Indigenous Affairs Minister Nigel Scullion knew late last year about a potential conflict of interest that ultimately led to the resignation of one of his advisers earlier this month.
Senator Scullion's adviser, William ''Smiley'' Johnstone, who held a majority financial stake in a business that operated within the minister's portfolio, resigned shortly after The Sun-Herald revealed the conflict.
Asked in Parliament last week what he knew and when, Senator Scullion initially declined to provide details. ''Like all members of this government, I take the statement of standards for ministerial staff seriously,'' he said.
The federal government's strict rules require ministerial advisers - who have influence over government policies - to cease involvement in businesses that could profit from ministerial decisions.
But the senator later provided an ''additional answer'' to the Senate.
He said Mr Johnstone completed his private interest disclosure, like all staff are required, after joining his office ''late last year''.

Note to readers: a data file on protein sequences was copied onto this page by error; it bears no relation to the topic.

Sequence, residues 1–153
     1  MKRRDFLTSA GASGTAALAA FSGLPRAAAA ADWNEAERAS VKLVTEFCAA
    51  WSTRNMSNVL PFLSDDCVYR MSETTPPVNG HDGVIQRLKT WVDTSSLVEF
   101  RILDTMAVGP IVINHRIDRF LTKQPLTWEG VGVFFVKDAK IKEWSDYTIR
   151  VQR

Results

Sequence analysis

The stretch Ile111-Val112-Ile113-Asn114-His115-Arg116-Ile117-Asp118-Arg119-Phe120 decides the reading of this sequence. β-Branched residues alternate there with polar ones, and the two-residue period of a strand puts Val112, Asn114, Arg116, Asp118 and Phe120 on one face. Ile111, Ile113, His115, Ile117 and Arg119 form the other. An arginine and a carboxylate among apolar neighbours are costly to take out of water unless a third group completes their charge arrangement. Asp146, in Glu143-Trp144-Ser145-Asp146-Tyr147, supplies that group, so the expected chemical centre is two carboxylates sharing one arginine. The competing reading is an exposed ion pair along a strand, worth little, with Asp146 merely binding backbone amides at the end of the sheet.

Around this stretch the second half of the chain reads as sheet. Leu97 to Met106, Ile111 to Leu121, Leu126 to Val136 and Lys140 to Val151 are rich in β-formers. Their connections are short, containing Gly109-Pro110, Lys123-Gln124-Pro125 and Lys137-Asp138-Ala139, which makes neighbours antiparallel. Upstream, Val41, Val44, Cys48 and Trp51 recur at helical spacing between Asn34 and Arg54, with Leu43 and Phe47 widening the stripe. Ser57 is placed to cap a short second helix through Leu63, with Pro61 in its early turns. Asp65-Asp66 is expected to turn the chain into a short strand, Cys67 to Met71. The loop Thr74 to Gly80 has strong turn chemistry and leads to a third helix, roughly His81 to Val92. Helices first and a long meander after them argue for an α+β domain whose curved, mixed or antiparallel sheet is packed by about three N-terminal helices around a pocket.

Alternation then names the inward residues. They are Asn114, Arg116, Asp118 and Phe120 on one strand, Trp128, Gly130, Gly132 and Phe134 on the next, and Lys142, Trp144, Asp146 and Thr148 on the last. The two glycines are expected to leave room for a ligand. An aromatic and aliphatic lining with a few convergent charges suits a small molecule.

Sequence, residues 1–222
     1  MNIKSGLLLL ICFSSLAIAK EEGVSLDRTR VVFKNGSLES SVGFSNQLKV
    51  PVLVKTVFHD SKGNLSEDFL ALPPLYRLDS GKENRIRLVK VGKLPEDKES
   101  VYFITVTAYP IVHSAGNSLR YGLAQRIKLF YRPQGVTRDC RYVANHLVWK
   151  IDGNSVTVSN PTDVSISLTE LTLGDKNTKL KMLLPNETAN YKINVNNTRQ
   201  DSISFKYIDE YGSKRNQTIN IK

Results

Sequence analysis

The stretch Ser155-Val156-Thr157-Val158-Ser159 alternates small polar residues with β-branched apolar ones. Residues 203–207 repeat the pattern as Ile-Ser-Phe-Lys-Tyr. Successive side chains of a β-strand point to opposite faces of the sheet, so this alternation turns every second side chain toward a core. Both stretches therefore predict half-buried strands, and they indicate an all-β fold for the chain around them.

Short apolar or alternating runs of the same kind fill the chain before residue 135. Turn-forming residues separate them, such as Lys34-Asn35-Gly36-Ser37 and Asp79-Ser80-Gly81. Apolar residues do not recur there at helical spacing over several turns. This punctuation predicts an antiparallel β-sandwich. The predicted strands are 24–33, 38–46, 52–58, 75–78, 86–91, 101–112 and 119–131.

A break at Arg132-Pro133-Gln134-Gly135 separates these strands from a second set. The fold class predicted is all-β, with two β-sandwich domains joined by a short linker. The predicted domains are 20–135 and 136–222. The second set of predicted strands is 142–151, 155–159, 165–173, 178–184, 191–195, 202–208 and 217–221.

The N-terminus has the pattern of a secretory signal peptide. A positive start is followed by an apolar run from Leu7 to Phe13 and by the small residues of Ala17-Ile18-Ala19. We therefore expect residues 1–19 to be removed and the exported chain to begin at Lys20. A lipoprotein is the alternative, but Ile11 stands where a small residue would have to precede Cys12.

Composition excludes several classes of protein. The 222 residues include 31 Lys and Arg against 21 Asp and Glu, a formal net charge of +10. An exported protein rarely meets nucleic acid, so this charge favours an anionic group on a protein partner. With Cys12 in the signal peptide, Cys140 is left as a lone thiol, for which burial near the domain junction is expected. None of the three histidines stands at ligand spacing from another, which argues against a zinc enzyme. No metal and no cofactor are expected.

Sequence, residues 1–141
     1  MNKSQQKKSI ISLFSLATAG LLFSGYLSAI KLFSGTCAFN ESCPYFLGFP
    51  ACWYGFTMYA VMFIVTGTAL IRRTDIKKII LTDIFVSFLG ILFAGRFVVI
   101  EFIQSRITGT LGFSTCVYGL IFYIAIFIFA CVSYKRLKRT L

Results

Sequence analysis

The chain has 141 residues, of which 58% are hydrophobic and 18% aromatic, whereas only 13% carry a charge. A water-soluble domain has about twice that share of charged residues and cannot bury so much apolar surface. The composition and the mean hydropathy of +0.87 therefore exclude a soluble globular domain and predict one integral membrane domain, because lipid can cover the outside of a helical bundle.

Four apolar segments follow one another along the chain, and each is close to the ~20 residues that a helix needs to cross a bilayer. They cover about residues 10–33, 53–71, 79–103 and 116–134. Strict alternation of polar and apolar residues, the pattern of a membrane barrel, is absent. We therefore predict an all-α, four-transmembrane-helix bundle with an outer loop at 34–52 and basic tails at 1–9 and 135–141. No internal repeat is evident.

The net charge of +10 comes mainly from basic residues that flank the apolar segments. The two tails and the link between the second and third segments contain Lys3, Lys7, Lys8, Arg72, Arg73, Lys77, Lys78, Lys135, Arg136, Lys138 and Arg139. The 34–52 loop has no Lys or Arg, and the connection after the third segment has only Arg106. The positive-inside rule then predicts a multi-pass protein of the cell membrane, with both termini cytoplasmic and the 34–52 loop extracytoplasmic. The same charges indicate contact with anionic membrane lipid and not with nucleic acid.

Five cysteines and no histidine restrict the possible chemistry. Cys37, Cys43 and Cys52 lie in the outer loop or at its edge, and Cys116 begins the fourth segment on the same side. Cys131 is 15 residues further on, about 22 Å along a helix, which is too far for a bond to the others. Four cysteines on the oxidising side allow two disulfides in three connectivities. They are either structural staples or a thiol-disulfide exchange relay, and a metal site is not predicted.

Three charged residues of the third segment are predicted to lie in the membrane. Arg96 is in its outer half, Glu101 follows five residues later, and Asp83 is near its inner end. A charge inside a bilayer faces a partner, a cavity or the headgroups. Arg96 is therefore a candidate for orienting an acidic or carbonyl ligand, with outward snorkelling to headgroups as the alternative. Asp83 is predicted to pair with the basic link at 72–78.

''After reviewing his disclosure, there were a couple of items that required follow-up,'' he said.
''This process was under way when we received a media inquiry [from The Sun-Herald] about Mr Johnstone's employment prior to joining my office.''
Senator Scullion said he ''moved immediately to clarify and address the issues raised'' by the newspaper.
''My office indicated to Mr Johnstone that he would need to amend some of his personal affairs, but as he never intended to stay in my office long term, he made the decision to resign.''
He insisted there was no ''intentional impropriety'' by Mr Johnstone and there was no conflict ''between his role in my office and the Indigenous Development Corporation''.
''Mr Johnstone has advised that he was not doing any work for the company while in my office,'' the senator said.
Australian Investments and Securities Commission records show that while working for the Indigenous Affairs Minister, Mr Johnstone remained the majority shareholder of Indigenous Development Corporation, a property development business that is on two of the government's ''standing offer'' lists of favoured suppliers. Both lists relate to Senator Scullion's portfolio of responsibilities.
During the same time, Mr Johnstone was also promoted as the founder and leading executive of lobbying company Indigenous Corporate Partners.
Senator Scullion has said Mr Johnstone had advised him that ''while he was a founder of the Indigenous Corporate Partners concept, he has never been a shareholder, director or service provider since it was founded approximately 18 months ago''.